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Chapter 16

Foundation of
Organizational Structure

ORGANIZATIONAL BEHAVIOR
S T E P H E N P. R O B B I N S
E L E VTWELFTH
E N T HEDITION
E D I T I O N
© 2005 Prentice Hall Inc. WWW.PRENHALL.COM/ROBBINS PowerPoint Presentation
All rights reserved. by Charlie Cook
What Is Organizational Structure?

Organizational Structure
How job tasks are
formally divided, Key
KeyElements:
Elements:
grouped, and • • Work
Workspecialization
specialization
coordinated.
• • Departmentalization
Departmentalization
• • Chain
Chainof
ofcommand
command
• • Span
Spanof
ofcontrol
control
• • Centralization
Centralizationand
and
decentralization
decentralization
• • Formalization
Formalization

© 2005 Prentice Hall Inc. All rights reserved. 16–2


Key Design Questions and Answers for Designing the
Proper Organization Structure

The Key Question The Answer Is


Provided By
1. To what degree are articles Work specialization
subdivided into separate jobs?
2. On what basis will jobs be grouped Departmentalization
together?
3. To whom do individuals and groups Chain of command
report?
4. How many individuals can a manager Span of control
efficiently and effectively direct?
5. Where does decision-making Centralization
authority lie? and decentralization

6. To what degree will there be rules Formalization


and regulations to direct employees
and managers?
© 2005 Prentice Hall Inc. All rights reserved. 16–3
What Is Organizational Structure? (cont’d)

Work Specialization
The degree to which tasks in the organization
are subdivided into separate jobs.

Division
Divisionof
oflabor:
labor:
• • Makes
Makesefficient
efficientuse
useof
ofemployee
employeeskills
skills
• • Increases
Increasesemployee
employeeskills
skillsthrough
throughrepetition
repetition
• • Less
Lessbetween-job
between-jobdowntime
downtimeincreases
increasesproductivity
productivity
• • Specialized
Specializedtraining
trainingisismore
moreefficient.
efficient.
• • Allows
Allowsuse
useof
ofspecialized
specializedequipment.
equipment.

© 2005 Prentice Hall Inc. All rights reserved. 16–4


What Is Organizational Structure? (cont’d)

Departmentalization
The basis by which jobs are grouped together.

Grouping
GroupingActivities
ActivitiesBy:
By:
•• Function
Function
•• Product
Product
•• Geography
Geography
•• Process
Process
•• Customer
Customer

© 2005 Prentice Hall Inc. All rights reserved. 16–5


What Is Organizational Structure? (cont’d)

Authority
The rights inherent in a managerial position to
give orders and to expect the orders to be
obeyed.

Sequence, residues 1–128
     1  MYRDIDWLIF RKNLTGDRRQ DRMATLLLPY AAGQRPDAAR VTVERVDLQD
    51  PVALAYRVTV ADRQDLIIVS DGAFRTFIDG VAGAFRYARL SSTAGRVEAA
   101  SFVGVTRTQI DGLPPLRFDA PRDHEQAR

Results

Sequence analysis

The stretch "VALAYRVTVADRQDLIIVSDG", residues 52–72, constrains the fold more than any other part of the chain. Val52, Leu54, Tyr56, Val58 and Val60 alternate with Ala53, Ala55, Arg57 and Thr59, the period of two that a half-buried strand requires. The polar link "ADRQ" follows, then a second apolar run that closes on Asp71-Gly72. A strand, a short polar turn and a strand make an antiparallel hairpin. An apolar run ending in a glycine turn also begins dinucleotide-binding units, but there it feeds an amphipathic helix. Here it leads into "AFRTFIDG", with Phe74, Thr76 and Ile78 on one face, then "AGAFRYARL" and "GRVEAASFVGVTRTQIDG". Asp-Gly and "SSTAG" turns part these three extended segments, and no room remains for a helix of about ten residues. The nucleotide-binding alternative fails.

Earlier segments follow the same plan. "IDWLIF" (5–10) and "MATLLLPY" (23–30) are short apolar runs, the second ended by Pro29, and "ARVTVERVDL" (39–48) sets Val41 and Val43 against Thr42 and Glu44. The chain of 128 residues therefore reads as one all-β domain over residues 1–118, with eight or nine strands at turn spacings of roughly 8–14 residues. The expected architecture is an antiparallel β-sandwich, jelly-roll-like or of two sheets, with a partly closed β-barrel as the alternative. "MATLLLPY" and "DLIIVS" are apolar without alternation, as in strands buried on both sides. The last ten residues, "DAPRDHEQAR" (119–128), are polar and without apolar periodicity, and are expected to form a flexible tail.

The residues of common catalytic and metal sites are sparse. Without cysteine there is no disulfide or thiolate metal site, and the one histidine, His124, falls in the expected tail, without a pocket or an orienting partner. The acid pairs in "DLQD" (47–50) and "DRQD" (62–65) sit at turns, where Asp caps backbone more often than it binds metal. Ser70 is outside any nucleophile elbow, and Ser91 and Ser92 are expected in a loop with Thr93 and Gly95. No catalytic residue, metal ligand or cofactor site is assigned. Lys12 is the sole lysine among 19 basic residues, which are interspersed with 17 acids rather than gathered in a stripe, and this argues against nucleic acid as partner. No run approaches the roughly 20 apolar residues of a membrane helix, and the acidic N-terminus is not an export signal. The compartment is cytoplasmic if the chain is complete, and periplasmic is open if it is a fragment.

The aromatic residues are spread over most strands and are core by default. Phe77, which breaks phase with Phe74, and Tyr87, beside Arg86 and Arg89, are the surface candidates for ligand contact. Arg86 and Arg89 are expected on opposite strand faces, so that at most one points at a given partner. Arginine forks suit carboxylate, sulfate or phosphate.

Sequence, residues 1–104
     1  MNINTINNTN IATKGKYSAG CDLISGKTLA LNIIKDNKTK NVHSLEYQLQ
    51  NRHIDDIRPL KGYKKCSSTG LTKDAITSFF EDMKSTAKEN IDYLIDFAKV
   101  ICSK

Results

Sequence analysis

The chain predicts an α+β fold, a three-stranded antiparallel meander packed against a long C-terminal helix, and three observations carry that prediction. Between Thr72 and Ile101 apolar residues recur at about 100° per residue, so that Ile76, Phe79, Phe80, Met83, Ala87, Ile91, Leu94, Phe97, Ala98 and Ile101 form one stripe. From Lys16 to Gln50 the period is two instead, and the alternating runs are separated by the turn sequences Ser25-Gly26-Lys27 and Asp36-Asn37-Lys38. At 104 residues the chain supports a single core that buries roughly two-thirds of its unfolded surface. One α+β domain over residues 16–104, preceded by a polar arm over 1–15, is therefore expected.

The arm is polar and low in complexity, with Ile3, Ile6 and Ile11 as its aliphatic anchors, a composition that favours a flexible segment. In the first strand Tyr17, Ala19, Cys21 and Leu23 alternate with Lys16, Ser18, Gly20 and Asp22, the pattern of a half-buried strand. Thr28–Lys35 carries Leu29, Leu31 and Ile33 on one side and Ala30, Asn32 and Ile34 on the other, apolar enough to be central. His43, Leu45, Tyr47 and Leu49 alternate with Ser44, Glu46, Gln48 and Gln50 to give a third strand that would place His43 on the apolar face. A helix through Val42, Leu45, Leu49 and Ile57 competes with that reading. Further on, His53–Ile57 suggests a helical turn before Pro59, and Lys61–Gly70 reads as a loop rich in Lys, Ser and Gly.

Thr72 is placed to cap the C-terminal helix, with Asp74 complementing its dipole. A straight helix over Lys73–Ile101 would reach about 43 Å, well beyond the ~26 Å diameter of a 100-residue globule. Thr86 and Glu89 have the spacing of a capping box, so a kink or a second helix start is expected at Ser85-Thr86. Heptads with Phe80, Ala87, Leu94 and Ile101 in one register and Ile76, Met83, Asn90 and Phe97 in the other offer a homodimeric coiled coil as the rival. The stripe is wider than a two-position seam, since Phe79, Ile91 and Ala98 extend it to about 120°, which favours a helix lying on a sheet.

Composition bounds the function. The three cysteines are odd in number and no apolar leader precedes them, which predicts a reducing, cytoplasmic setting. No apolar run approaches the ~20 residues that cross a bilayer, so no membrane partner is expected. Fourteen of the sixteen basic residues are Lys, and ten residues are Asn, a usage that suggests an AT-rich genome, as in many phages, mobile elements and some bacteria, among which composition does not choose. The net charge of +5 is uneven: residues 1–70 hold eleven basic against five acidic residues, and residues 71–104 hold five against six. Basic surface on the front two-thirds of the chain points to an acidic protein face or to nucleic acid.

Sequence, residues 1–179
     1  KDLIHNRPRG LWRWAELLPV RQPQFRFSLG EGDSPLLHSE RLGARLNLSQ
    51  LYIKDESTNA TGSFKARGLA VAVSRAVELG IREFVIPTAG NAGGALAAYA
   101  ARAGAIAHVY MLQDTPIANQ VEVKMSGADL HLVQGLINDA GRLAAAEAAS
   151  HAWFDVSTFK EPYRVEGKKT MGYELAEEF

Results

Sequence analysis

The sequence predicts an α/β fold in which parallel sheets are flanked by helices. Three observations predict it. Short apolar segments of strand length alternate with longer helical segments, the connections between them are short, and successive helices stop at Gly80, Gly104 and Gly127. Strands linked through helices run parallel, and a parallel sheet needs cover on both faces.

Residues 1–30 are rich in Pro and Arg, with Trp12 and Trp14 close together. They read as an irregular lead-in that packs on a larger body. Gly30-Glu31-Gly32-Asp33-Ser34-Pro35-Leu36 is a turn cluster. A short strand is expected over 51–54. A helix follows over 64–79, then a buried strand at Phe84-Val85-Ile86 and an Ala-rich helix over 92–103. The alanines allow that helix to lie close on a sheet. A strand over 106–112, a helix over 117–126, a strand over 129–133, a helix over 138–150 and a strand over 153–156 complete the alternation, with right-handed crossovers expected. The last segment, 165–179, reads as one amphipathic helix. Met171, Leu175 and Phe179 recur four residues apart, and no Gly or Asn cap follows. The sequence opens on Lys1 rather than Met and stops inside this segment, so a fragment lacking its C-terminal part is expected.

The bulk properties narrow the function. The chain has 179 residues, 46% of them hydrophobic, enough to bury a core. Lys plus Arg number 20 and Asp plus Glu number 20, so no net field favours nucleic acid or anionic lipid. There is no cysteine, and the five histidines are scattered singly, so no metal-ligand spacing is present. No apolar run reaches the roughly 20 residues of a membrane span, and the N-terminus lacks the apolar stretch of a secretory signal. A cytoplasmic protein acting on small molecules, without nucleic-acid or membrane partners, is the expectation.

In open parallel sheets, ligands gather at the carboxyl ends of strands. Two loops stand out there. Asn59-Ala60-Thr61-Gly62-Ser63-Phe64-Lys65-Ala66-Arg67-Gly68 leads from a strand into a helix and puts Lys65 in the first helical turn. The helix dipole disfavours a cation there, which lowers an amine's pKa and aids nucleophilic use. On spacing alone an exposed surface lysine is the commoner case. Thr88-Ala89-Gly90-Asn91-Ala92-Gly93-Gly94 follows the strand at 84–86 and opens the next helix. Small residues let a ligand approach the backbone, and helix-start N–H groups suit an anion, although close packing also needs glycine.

Chain of Command
The unbroken line of authority that extends
from the top of the organization to the lowest
echelon and clarifies who reports to whom.

Unity of Command
A subordinate should have only one superior to
whom he or she is directly responsible.
© 2005 Prentice Hall Inc. All rights reserved. 16–6
What Is Organizational Structure? (cont’d)

Span of Control
The number of subordinates a manager can
efficiently and effectively direct.

Concept:
Concept:
Wider
Widerspans
spansof
ofmanagement
managementincrease
increaseorganizational
organizational
efficiency.
efficiency.

Narrow
NarrowSpan
SpanDrawbacks:
Drawbacks:
• •Expense
Expenseof
ofadditional
additionallayers
layersof
ofmanagement.
management.
• •Increased
Increasedcomplexity
complexityof
ofvertical
verticalcommunication.
communication.
• •Encouragement
Encouragementofofoverly
overlytight
tightsupervision
supervisionand
and
discouragement
discouragementof
ofemployee
employeeautonomy.
autonomy.
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Contrasting Spans of Control

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What Is Organizational Structure? (cont’d)

Centralization
The degree to which decision making is
concentrated at a single point in the
organization.
Decentralization
The degree to which decision making
is spread throughout the organization.

Formalization
The degree to which jobs
within the organization are
standardized.
© 2005 Prentice Hall Inc. All rights reserved. 16–9
Common Organization Designs

Simple Structure
A structure characterized by a low degree of
departmentalization, wide spans of control,
authority centralized in a single person, and
little formalization.
A Simple Structure:
Jack Gold’s Men’s Store

E X H I B I T 16–5

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Common Organization Designs (cont’d)

Bureaucracy
A structure of highly